Looking around at all these packed boxes... I'm gonna miss this old place. We're moving the company headquarters to a new facility on Monday. There are a lot of memories floating around in here...
There's the broom closet where I spent many nights drinking Heineken tall-boys by myself, trying to drill a hole in the wall so I could look into the ladies' john. There's the mail room where I would sneak cigarettes after hours and make phone calls to my bookie. And there's the door to the loading dock. I wanted to bone that UPS delivery lady so bad, and that day when she said, “I've got something for you,” and bent over—I had to touch it. The lawsuit cost me my home in Vale. It was really just a crash-pad for my pothead son, Chad. He works in advertising now.
I'll miss it. I lost some money here, but I made a whole lot more. Those are the times I'll remember most: rubbing newly minted money on my face and chest; sticking it in my briefs and walking around the office... Yeah...
2006 was a good year for Woundup Corp. We really raked it in. I'm sure you want the quarter-by-quarter breakdown; the tech advancements; the numbers... Well, I'm not doing that this year. Why not? It's my fucking year in review, and I can do whatever I want. It's called respect, folks. I earned it. You haven't.
In January of 2006, I decided I would write a novel. I had never written anything before, besides these goddamn stupid year-in-reviews, and, of course, the original Woundup Corp. business plan. I hire pencil-necks to write things for me. That includes accountants, secretaries, office assistants and everybody's favorite—the 7-person Content Team... bunch of fairies. I got sick of those fruits making snide little jokes at the meetings—little literary jokes they thought I wouldn't understand. Like, “Sorry chief, we can't work on June 16. It's Bloomsday.” Very funny. I had to look that one up.
One day I got sick of it, so I brought out my old Smith Corona—Hemingway had owned it. I sat down and told those content fruits, “I am going to write a novel in one year.”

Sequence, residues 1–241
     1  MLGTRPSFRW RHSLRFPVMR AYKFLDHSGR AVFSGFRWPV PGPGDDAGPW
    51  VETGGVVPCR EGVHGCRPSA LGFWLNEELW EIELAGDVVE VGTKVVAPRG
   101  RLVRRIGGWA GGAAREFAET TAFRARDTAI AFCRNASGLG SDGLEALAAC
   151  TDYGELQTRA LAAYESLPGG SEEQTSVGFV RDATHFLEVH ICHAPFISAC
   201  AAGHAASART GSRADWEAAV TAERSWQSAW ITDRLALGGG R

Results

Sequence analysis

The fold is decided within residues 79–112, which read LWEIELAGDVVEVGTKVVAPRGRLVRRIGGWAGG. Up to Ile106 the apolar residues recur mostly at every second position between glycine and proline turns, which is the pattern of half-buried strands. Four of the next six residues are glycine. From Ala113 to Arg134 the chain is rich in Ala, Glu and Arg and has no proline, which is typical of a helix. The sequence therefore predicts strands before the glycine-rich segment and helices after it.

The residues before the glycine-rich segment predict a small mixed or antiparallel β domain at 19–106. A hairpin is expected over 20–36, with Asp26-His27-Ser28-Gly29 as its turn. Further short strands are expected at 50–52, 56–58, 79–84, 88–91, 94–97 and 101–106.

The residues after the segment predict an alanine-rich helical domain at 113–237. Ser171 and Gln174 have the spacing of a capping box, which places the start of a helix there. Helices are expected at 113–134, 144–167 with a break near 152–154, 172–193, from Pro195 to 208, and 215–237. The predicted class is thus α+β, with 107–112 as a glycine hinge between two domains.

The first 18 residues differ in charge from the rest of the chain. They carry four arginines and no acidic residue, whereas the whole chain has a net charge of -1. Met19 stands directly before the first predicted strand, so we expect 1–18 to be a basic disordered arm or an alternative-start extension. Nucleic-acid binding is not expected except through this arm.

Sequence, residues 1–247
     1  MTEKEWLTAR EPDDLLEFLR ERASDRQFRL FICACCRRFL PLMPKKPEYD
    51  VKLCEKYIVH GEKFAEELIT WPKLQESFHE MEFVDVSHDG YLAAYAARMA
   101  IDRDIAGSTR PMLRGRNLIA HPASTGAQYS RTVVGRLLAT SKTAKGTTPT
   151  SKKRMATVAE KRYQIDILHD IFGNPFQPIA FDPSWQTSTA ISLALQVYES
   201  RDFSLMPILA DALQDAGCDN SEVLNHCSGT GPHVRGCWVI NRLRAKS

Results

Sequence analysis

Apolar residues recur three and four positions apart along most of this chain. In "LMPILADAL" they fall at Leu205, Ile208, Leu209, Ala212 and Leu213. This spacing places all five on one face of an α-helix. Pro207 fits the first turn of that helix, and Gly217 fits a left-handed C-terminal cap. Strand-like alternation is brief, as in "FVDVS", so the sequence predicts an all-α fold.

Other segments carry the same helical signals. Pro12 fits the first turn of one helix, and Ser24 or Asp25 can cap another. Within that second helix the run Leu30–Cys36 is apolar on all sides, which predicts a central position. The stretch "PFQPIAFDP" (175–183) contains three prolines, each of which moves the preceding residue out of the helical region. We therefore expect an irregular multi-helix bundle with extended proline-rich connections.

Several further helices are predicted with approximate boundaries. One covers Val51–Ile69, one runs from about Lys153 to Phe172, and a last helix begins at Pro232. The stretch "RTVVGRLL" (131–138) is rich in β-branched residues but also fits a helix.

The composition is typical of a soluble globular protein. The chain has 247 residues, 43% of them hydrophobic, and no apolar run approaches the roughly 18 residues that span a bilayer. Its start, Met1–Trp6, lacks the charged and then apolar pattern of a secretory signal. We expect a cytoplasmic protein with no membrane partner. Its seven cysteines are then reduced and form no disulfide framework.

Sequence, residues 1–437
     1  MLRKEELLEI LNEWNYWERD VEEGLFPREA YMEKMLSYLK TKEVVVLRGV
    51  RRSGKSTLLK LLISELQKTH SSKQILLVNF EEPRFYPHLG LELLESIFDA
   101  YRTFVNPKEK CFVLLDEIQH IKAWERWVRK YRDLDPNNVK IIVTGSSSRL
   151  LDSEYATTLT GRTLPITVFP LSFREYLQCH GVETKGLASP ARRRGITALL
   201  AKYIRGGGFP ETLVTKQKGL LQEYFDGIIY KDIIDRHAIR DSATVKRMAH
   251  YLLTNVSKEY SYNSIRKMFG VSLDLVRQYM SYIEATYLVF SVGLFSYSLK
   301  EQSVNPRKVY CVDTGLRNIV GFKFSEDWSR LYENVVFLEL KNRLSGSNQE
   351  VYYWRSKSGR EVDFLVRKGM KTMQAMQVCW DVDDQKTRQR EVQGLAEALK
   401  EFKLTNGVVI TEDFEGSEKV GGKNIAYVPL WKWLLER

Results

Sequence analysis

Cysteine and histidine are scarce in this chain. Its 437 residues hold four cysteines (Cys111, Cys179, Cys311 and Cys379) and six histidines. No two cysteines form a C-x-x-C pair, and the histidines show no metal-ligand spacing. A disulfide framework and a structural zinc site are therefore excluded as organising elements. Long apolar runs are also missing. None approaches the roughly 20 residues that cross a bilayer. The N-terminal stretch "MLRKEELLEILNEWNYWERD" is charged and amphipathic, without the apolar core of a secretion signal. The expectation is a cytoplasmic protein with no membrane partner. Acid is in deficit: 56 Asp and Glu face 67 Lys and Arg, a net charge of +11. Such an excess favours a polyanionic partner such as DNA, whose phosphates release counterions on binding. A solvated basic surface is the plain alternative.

I built a multi-million dollar company with my bare hands (and my father-in-law's money); I dine regularly with presidents and CEOS; I'm involved in a paternity suit with Dutch royalty—I knew I could write a fucking novel.
Well, the first thing I had to decide was what to write about. A Tom Blister venture makes money, but I didn't want to lower myself to the level of those losers Grisham and Turow. I wanted this to be art, folks. I had some of my people look into it. Seems you get the most respect if you write a long 1,000-page-plus novel. Mix in a little personal experience, some family strife, a mysterious visitor or shadow organization, maybe someone leaves somebody a bunch of money in their will... also, a little skin. Shit, I knew could write that.
I outfitted my own little writing room at the estate; got myself a leather-bound writer's notebook; and stocked the liquor cabinet with Wild Turkey. I sat down and started, wrote a few sentences and...
A month later, well after the football playoffs were over, I looked in the writing room. A thin layer of dust covered my Smith-Corona and my writer's notebook. “Fucking bullshit,” I said. “No fucking book is gonna beat Tom Blister.” I sat down, wiped off the dust and jammed a sheet of paper into the machine. “THIS is my story...”
Three months after that, I was puttering around the estate, looking for a case of Titelist golf balls Bill Richley from CompuPlex gave me. They were sitting in my writing room. I looked at my typewriter and muttered, “Goddammit.” I opened a bottle of Wild Turkey and sunk into the leather couch next to the desk. “Fuck this,” I said. The sun went down, and I sat there in the dark. I was drunk. I picked up Hemingway's fucking typewriter and threw it out the window. It crashed down on the croquet court, narrowly missing my 23-year-old Taiwanese girlfriend. She was playing a game in the buff with her tennis instructor. I passed out.
In December I was skulking in my office. The Content Team—the fairies—had got whiff of my writer's block and were making little jokes. One of them said, “Cheer up, chief. It took Joyce 17 years to write 'Finnegans Wake.'” I hated them. But luck smiled on ol' Tom Blister. I found one of those little fruits making an illegal, personal copy on a company machine. He was making a copy of a 1,000-page-plus novel. It was Ethan Kraputnik himself—the leader of the content team.
“Kraputnik,” I said. “If you don't give me that novel, I'll shitcan your ass, and I know you can't live without your iPod docking station and wine-of-the-month-club.”
The twerp was really sweating. I asked what his piece-of-shit book was about.
“I... I've been working on it for five years. It's a mixture of personal experience and family strife. A mysterious visitor shows up, someone leaves a sizeable amount in a will... and there's a three-way sex scene involving a middle-aged literature prof—“
I commandeered his novel as property of the company. A few contributions to the Great Books Society and my 'script was edited in record time. Folks, you can buy my new novel, “Pounded,” Jan. 22. I'll be signing books at the Clark Street Border's in February.
What's 2007 got in store for Tom Blister? One word. Screenplay.